Gonzo: The Life and Work of Dr. Hunter S. Thompson

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Posted July 10, 2008 in Film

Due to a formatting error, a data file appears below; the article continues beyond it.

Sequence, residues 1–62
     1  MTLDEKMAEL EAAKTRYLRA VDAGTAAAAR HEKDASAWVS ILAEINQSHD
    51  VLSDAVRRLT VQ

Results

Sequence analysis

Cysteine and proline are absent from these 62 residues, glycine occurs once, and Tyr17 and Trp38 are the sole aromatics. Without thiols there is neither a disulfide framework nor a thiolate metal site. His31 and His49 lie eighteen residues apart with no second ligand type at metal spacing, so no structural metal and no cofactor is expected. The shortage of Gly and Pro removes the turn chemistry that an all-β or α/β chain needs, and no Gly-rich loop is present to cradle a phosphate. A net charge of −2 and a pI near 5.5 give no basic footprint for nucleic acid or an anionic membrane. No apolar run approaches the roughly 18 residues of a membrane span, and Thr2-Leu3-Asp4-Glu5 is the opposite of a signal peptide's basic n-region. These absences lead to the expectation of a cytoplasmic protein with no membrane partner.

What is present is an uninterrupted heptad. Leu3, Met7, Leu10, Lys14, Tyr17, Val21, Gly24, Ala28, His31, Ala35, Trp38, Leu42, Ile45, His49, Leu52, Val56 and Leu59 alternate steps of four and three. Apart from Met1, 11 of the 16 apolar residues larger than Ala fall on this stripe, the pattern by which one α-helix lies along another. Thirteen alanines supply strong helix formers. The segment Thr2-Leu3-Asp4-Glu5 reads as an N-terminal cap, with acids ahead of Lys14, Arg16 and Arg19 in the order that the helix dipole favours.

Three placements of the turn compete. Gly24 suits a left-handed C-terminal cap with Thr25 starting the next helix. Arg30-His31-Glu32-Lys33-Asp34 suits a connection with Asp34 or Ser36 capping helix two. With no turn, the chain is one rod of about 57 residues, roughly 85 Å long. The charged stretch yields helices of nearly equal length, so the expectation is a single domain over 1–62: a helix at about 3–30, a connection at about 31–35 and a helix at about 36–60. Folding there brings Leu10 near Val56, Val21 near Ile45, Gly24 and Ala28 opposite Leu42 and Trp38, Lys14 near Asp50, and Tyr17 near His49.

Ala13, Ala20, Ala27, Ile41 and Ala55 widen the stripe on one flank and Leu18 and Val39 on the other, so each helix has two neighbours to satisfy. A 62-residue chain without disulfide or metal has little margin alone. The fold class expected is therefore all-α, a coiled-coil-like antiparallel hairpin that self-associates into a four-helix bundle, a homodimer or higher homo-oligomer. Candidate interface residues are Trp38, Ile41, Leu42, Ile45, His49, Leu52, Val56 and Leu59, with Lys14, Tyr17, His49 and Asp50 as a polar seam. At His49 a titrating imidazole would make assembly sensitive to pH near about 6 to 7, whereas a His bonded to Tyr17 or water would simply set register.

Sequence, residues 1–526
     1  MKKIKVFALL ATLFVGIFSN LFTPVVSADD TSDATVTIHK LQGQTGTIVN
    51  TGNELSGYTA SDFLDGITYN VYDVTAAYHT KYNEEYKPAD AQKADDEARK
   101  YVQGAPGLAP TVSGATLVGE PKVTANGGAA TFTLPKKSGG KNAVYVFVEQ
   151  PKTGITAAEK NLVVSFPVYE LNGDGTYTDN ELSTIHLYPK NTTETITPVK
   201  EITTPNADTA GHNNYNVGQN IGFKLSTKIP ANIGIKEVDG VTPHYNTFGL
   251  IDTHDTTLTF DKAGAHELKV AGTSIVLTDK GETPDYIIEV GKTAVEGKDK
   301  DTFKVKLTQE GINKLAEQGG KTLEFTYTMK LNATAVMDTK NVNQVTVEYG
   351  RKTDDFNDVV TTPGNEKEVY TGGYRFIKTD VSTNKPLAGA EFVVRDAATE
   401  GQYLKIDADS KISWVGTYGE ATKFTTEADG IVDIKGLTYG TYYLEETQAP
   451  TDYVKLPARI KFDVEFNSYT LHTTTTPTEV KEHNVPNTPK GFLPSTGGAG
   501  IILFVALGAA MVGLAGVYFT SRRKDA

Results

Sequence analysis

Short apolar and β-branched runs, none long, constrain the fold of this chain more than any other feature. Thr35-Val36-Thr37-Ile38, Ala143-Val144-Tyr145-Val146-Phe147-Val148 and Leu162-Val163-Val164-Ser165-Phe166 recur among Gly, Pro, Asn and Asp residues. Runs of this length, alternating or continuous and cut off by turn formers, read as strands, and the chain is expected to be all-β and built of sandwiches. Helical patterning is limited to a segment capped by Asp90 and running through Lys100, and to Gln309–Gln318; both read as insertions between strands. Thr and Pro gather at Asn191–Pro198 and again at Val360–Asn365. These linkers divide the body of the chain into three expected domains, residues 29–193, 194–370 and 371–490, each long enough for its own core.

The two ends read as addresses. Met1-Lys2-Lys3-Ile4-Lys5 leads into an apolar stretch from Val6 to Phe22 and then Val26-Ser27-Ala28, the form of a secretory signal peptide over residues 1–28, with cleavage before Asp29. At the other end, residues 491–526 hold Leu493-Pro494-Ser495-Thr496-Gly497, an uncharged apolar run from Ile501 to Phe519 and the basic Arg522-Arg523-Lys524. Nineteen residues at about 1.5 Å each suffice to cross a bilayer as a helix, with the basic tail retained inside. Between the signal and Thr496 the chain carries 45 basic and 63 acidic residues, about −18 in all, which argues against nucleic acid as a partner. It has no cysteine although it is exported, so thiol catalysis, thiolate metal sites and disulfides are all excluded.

Alex Gibney’s documentary skims over the last two decades of Hunter S. Thompson’s life, explaining that he had succumbed to his own mythos, lost his gonzo mojo, and written little of merit excepting a 9/11 piece—penned that same morning—which presaged, well, everything in the next seven years. By that logic, he died decades before his suicide, which even by friends like artist Ralph Steadman was greeted with a resigned “It’s about time.” Gibney can’t decide if he’s making a eulogy for fans or a primer for acquaintances. Though talking heads like Jimmy Carter, George McGovern, and—special guest—Pat Buchanan aren’t effusive in their praise (for that matter, neither are Thompson’s ex-wives or son), that’s to be expected for the man who once remarked that “Most people are surprised I can walk on two legs.” Still, the tone is that of triumph, deserved certainly, but here whose reasons for which are underbaked. Long stretches are devoted to four periods in Thompson’s life: his time with the Hells Angels (so hard they tongue kissed each other for shock), his time with the Vegas tweakers, his campaign for mayor of Aspen, and his passionate political firebranding on behalf of McGovern’s 1968 campaign. The chunky doc would have been better served expounding on only one or two—my vote going for his role as governmental provocateur, knowledge of which I’m still thirsty for, unlike his dalliances with hallucinogenic lizards which have long had the sour staleness of a hangover. (Amy Nicholson)

 


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